October is National Energy Awareness Month and as we head into cooler temps, now is a great time to assess your energy usage. Identifying and addressing areas of energy inefficiency in your home can help you control your energy spend and save money!
Measuring your carbon footprint
A good first step in assessing your energy usage is measuring your carbon footprint. The U.S. Environmental Protection Agency (EPA) has a Greenhouse Gases Equivalencies Calculator that allows you to calculate your own carbon footprint and create a strategy to decrease it! Using the calculator is simple, requires only a few pieces of information, and presents examples of how reducing your greenhouse gas emissions impacts the environment and could help you save.
Assessing your energy usage
Now that you understand your carbon footprint, it’s time to assess your energy usage and efficiency. One of the best ways to assess the energy efficiency of your home is with a home energy audit. An audit can be done by a professional for the most complete evaluation or you can complete a do-it-yourself audit without the extra cost.
A home energy audit is a thorough, room-by-room examination of your home, pinpointing energy inefficiencies and providing an illustration of your home’s energy use. Making upgrades based on the results can not only save you money, but also help keep your home more comfortable all year long.
Make a list – When walking through your home, keep a checklist of what you have inspected and what needs to be fixed.
Look for air leaks – Check for indoor and outdoor leaks, such as gaps around windows, doors, trim, baseboard, recessed light fixtures, ceiling junctures, electrical outlets, fireplace dampers and plumbing fixtures. Most air leaks are an easy fix with caulk and weather-stripping. Be sure to think about ventilation when sealing leaks. Learn more about ventilation here.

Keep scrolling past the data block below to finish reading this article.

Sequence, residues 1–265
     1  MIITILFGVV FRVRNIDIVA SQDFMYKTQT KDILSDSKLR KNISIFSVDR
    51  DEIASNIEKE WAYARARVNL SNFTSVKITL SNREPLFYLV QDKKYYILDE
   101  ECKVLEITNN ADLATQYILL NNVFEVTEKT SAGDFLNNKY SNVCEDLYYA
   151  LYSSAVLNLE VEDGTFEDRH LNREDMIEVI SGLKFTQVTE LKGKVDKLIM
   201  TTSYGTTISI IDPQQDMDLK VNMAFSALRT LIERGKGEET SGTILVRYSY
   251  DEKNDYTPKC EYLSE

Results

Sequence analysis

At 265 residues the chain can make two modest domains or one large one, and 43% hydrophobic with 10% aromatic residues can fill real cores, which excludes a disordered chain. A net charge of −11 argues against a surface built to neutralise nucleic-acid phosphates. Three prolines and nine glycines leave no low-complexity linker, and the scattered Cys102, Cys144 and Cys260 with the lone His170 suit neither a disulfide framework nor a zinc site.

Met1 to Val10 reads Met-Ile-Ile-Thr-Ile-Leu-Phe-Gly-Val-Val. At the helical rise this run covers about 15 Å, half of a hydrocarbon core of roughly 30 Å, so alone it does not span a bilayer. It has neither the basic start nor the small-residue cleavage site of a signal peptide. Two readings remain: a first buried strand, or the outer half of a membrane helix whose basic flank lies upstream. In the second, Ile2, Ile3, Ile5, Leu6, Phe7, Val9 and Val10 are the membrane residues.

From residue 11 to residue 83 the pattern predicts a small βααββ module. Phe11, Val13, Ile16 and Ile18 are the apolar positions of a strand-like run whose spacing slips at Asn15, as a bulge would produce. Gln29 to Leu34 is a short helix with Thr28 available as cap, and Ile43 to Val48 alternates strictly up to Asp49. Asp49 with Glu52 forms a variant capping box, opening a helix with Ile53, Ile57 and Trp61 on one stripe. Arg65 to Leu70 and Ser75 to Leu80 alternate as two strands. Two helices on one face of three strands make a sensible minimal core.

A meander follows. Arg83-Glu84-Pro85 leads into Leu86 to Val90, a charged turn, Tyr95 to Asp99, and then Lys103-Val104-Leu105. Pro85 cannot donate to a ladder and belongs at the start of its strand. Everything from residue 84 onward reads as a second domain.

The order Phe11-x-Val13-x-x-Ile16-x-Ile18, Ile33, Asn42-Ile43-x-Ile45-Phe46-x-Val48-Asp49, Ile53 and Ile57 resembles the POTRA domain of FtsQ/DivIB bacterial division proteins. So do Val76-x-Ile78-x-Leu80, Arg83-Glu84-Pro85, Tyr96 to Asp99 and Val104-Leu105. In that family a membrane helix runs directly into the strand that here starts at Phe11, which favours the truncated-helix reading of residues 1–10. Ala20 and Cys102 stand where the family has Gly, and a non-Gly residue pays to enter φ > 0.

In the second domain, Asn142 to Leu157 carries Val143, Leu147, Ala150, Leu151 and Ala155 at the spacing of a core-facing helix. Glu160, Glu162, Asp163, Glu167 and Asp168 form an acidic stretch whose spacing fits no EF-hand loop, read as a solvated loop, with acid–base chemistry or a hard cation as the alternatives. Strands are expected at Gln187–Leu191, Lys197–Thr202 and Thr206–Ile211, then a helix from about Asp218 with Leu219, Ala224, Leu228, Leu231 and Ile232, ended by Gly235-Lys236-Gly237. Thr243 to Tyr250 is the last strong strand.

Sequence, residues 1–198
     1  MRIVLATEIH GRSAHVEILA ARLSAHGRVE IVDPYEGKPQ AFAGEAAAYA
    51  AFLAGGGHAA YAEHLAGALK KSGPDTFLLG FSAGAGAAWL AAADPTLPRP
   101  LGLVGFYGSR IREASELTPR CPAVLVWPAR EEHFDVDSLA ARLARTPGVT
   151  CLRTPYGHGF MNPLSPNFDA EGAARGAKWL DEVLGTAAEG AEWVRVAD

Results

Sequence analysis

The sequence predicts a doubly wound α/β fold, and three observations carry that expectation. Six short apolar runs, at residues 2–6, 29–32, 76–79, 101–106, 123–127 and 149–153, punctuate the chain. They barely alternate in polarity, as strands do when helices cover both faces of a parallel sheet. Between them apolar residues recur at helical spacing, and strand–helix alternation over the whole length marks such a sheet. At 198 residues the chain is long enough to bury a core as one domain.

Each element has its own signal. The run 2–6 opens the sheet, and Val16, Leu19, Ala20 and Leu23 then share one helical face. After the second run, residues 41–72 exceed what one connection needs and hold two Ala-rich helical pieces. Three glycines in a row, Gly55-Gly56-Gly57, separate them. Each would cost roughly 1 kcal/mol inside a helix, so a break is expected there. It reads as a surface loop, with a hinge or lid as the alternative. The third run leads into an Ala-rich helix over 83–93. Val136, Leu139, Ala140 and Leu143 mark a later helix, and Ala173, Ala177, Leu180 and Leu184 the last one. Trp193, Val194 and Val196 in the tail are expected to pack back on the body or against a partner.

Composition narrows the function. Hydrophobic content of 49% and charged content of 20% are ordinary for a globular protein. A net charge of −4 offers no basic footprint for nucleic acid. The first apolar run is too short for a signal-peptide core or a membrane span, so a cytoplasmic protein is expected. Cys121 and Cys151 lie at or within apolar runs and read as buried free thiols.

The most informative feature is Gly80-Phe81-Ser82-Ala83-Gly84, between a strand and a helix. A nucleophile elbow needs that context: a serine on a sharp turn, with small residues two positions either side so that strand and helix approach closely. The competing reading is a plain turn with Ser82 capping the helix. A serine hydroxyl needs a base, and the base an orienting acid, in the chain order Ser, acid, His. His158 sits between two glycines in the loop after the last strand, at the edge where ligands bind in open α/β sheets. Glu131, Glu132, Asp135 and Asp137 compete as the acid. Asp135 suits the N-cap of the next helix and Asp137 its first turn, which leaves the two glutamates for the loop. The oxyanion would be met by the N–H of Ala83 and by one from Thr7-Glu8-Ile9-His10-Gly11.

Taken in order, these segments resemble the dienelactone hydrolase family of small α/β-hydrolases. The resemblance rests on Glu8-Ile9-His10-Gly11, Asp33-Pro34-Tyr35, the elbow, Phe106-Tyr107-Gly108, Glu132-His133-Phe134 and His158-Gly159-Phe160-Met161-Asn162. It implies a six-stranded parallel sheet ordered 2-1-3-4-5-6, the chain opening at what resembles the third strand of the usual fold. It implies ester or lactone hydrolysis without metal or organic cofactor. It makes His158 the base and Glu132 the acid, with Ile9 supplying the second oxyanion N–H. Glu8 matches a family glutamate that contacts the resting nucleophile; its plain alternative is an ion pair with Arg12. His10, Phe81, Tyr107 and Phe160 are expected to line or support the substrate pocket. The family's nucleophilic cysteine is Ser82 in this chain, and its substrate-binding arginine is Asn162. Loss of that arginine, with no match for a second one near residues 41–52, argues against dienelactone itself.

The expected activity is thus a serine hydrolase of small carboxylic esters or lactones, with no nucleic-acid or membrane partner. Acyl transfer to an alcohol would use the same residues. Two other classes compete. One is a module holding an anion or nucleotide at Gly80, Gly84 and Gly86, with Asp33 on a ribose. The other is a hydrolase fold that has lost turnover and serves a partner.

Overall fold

Check your insulation – If your home has insufficient insulation, heat loss through the ceiling and walls could be significant.
Review your lighting – When doing your walk-through, note the types of light bulbs in your home. Consider replacing inefficient bulbs with energy-saving LEDs or compact fluorescent lamps. Lighting accounts for about 10% of your electric bill, so small changes can make a big impact.
Consider your electronics and appliances – How you use appliances and devices, and the types you have, significantly impacts your energy use. You can estimate the use of your appliances here once you examine them. A few ideas for increasing energy efficiency in this area are:
Adjusting settings or using the item less often
Unplugging electronics when not in use
Upgrading to new, energy efficient products
Assess heating and cooling equipment – HVAC equipment should be inspected annually or as suggested by the manufacturer. Check the filters and replace them at the recommended cadence and have a professional clean your equipment once a year.
Determine what should or can be upgraded – Now that you’ve completed your assessment and prioritized what issues may need to be addressed, determine what should and can be done to increase the energy efficiency of your home.
Where can I find energy-efficient products?
AEP Energy Reward Store is our one-stop online marketplace filled with a variety of energy-saving and connected-home products available exclusively for our valued customers. It is a simple and convenient way for you to shop for items to make your home more energy efficient while saving you time and money.
You can earn Reward Dollars to use in Reward Store by enrolling in an AEP Energy price plan. One month after your enrollment date, you will start earning Reward Dollars to use toward your purchases in Reward Store. Simply collect Reward Dollars each month, shop AEP Energy Reward Store products and redeem your Reward Dollars instantly at checkout.
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